I would listen to Christ before Paul.



posted on Feb, 11 2017 @ 02:08 AM
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a reply to: irenialilivenka

Did he, James, if so where?



posted on Feb, 11 2017 @ 02:12 AM
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Interesting, maybe James is teaching if you don't love you are not following the gospel of Jesus
Yes faith without works (love) is dead, but no doubt you believe James was demanding that people follow the old covenant, Moseses law, the old covenant
You do know there is an old covenant and a new covenant don't you?

Can you show me where James was demanding people follow the old covenant of Moses, that's would be great...



posted on Feb, 11 2017 @ 02:17 AM
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Is everyone sure Jesus was talking about the law of Moses in his teaching?




posted on Feb, 11 2017 @ 02:26 AM
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a reply to: Raggedyman

Acts 21:20

"You see, brother, how many thousands of believers there are among the Jews, and they are ALL ZEALOUS FOR THE LAW.

21. They have been told about you that you teach all the Jews among the gentiles to forsake Moses, authorizing them not to circumcise their children or follow the customary practices.

23. So do as we suggest.

24. This will let everyone know there is no truth in the reports heard about you and that you still regularly observe THE LAW.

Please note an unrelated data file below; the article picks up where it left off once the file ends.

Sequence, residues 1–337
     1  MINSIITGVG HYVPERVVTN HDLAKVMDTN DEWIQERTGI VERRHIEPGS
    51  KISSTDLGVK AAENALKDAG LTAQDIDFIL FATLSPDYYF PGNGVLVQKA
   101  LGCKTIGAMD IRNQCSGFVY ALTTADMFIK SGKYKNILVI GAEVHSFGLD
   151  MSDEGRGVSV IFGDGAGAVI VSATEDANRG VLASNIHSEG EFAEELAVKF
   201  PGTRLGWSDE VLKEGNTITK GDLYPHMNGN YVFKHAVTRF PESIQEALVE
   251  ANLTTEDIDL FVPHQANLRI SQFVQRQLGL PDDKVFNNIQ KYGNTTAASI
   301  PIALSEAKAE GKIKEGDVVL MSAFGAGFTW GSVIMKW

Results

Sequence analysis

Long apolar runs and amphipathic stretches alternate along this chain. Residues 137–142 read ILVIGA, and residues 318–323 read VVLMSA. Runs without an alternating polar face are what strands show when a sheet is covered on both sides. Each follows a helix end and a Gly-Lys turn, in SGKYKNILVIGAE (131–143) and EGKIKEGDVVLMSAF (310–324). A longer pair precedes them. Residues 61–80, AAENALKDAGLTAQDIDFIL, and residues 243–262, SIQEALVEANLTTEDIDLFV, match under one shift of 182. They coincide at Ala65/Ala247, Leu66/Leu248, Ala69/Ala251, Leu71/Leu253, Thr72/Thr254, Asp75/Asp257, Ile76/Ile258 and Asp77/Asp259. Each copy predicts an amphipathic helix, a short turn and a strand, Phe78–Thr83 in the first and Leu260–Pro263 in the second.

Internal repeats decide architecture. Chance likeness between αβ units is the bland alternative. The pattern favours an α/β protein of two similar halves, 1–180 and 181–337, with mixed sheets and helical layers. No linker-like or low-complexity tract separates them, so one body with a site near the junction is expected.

Paul concedes.

Then he is arrested for teaching against the Law by the Jews.

But he calls out to Roman soldiers who rescue him and give him permission to speak to the Jews.

Then he invoked Caesar (Nero) and dissapeared from history. Some SAY he was martyred, but there is no proof of that.

Regardless, his letters DO teach against the Law of Moses which is akin to forsaking Moses, he despises circumcision so much he wishes they would castrate themselves, and is guilty in his letters of every accusation.

He is a liar.



posted on Feb, 11 2017 @ 02:30 AM
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a reply to: Raggedyman

James WAS saying that the Law of Moses is valid. The New Covenant doesn't revoke the Law of Moses.

Jesus simplified it to two commandments, following those is following the Law according to the New Covenant.

Faith alone justifies us, says Paul and ONLY Paul.

Faith alone is dead says James.

It's not complicated, the New Testament is self contradictory.



posted on Feb, 11 2017 @ 02:32 AM
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originally posted by: Akragon
Is everyone sure Jesus was talking about the law of Moses in his teaching?



In the form of the two great commandments, yes.

He simplified it something proper.



posted on Feb, 11 2017 @ 02:55 AM
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originally posted by: irenialilivenka

originally posted by: Akragon
Is everyone sure Jesus was talking about the law of Moses in his teaching?



In the form of the two great commandments, yes.

He simplified it something proper.


except HE broke rules in moses' laws... So perhaps a jot or two passed?

Or again... he wasn't talking about those laws


edit on 11-2-2017 by Akragon because: (no reason given)



posted on Feb, 11 2017 @ 03:02 AM
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originally posted by: Akragon

originally posted by: irenialilivenka

originally posted by: Akragon
Is everyone sure Jesus was talking about the law of Moses in his teaching?



In the form of the two great commandments, yes.

He simplified it something proper.


except HE broke rules moses' laws... So perhaps a jot or two passed?

Or again... he wasn't talking about those laws



Except the two great commandments come from the Torah.